Theresa May has manufactured a reputation as 'a bloody difficult woman'. The nation appears to have responded positively, welcoming the stern, protective mother figure. Such individuals (of either gender) appear to make a public virtue of facing challenging decisions with iron-clad resolve. And there are few more potent symbols as she goes into an election prior to Brexit negotiations than her willingness to launch a nuclear first strike and incinerate millions of innocents. By doing so she shows willingness to go all the way to protect the British vital interest, just as it seems culturally acceptable for a parent to be ready to commit atrocity in protection of their children. The fact that her defence secretary was unable to follow up his statement that the government is in the game of first nuclear strike with any credible scenarios that could call for one is irrelevant to the political signalling. In an atmosphere of discomfort and feelings of insecurity, people seem thirsty for strong leaders.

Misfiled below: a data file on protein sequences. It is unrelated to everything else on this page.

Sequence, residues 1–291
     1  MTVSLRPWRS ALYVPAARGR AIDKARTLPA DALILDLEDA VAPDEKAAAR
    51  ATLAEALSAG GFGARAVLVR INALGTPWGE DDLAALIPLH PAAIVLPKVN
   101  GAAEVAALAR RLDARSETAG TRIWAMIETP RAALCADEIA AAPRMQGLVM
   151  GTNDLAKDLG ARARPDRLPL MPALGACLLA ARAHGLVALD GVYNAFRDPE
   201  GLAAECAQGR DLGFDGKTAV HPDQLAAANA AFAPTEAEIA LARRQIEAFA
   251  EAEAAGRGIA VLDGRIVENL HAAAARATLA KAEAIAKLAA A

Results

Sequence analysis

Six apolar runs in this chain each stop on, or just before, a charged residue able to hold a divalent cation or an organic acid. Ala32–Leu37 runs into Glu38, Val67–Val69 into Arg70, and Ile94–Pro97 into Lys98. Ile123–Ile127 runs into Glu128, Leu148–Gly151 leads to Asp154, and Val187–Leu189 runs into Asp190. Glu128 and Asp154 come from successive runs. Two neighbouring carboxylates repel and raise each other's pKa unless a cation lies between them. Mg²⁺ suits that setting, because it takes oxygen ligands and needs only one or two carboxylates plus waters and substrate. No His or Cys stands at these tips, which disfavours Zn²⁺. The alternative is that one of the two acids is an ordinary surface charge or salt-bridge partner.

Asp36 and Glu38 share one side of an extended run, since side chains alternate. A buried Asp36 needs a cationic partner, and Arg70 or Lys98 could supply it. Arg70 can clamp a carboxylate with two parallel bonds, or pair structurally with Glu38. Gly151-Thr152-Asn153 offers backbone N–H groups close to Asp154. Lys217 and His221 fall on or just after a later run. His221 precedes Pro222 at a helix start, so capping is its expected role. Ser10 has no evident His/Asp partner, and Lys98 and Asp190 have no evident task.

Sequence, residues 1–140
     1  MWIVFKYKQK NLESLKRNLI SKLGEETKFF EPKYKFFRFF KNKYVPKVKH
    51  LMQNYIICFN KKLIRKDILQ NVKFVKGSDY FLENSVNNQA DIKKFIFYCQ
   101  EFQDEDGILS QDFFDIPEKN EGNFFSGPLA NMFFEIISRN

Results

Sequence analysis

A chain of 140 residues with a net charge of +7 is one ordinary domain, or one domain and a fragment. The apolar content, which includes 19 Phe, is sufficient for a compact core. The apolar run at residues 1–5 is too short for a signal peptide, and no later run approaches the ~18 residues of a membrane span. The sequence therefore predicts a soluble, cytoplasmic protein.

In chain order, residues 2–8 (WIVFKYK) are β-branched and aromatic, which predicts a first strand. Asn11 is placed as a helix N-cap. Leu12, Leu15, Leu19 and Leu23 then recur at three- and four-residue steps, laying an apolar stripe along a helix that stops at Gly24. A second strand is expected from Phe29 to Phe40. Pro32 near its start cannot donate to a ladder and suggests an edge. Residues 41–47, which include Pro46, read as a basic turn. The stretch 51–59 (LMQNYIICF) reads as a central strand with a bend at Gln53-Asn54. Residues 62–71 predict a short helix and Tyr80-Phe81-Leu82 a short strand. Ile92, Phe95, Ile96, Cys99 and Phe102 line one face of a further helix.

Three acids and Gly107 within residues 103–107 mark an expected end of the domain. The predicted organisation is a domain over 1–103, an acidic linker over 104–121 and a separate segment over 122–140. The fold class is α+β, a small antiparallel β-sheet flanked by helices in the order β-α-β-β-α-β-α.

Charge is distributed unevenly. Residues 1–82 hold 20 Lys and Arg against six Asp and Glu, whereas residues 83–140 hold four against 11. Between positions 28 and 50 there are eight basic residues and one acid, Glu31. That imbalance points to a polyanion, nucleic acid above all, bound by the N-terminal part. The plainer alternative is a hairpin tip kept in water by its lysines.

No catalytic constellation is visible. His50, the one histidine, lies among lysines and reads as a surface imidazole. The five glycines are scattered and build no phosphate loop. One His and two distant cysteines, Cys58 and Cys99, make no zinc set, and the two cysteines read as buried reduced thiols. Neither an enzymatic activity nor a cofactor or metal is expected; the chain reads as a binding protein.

This opens up a can of worms around the UK's nuclear posture, one that has not been discussed in public for some time. Instead, most of the debate has been focused on whether Britain should have nuclear weapons at all. This is safe ground for 'strong' leaders. To answer the question of whether you are for or against Trident is to risk falling into a trap, a proxy measure of resolve or positioning on any number of related political and psychological questions. But this fails to account for the deteriorating state of nuclear diplomacy, the widening gap between nuclear weapon states and the majority of the rest of the world and the increasing global dangers of nuclear instability and crisis. The manipulation of the public debate over nuclear weapons may appeal to existing prejudice and help in domestic elections, but it could also end in global catastrophe.